Just down Pennsylvania Avenue, Congress is interested in building on their efforts at the end of the last Congress. Over the last week, we've seen the Senate Committee on Intelligence mark up and approve the Cybersecurity Information Sharing Act (S.754), known as CISA, which extends liability protection to private sector organizations that voluntarily share threat information with the federal government. While the new legislation provides additional privacy and civil protections, including that companies "can only share cyber-threat information and the government may only use shared data for cybersecurity purposes," privacy advocates have concerns that it will increase spying on american citizens. In the House, Homeland Security Chairman McCaul (R-TX) is preparing a bill increase threat information sharing through liability protections for the private sector, as well. However, McCaul's bill will utilize the DHS National Cybersecurity and Communications Integration Center (NCCIC). McCaul and others believe since the NCICC has no regulatory role and no role in enforcement, it can be better trusted by the private sector to serve as a facilitator of information sharing. You can watch McCaul's announcement and outline of the bill at Center for Strategic and International Studies this week here. McCaul has previously said he is determined to get something on the President’s desk.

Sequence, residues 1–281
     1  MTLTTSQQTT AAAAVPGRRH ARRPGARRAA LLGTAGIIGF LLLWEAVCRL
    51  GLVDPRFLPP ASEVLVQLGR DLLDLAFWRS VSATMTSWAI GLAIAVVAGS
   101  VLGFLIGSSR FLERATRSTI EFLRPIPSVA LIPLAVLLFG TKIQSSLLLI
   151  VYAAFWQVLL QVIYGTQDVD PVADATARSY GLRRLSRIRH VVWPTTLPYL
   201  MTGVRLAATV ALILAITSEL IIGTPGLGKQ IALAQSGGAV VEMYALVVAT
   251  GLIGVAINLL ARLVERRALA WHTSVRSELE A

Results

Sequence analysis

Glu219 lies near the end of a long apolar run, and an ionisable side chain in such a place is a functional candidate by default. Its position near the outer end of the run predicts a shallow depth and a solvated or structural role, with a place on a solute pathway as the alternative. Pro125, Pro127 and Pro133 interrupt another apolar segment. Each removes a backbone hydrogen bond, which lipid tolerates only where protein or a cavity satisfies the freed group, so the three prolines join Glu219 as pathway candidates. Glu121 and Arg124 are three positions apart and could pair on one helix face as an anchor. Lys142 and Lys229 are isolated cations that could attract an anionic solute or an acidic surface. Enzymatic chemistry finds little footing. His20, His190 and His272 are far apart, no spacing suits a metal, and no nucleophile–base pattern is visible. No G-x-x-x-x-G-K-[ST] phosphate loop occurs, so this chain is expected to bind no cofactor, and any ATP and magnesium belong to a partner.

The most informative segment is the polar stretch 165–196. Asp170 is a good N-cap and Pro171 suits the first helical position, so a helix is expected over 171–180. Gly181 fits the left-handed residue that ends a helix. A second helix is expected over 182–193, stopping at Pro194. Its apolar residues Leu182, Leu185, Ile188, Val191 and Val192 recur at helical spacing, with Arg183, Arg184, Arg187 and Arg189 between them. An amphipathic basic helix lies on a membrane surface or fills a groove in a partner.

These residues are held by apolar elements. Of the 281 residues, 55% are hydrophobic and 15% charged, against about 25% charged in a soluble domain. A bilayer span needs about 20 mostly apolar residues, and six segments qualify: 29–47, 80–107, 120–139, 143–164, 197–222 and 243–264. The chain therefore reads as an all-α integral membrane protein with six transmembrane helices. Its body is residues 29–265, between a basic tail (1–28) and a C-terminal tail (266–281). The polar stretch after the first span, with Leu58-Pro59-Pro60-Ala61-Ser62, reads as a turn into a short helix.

Data Breach Notification: "Forty-seven states, the District of Columbia, Guam, Puerto Rico and the Virgin Islands have enacted legislation requiring private or government entities to notify individuals of security breaches of information involving personally identifiable information," according to the National Conference of State Legislatures. Congress is looking at bills that would preempt these state laws and create national standards for data breach notifications. Yesterday, the House Energy and Commerce Committee held a hearing on a draft bill to do just that (you can watch it here). In addition, Senate Commerce, Science, and Transportation held a hearing on Ranking Member Bill Nelson's data breach bill in January with similar goals (available here). Beyond the obvious preemption, there may be other issues for states--particularly those who outsource certain public sector data, e-outreach, and transaction functions. NASCIO is reviewing the legislation and seeking to analyze potential issues for our members.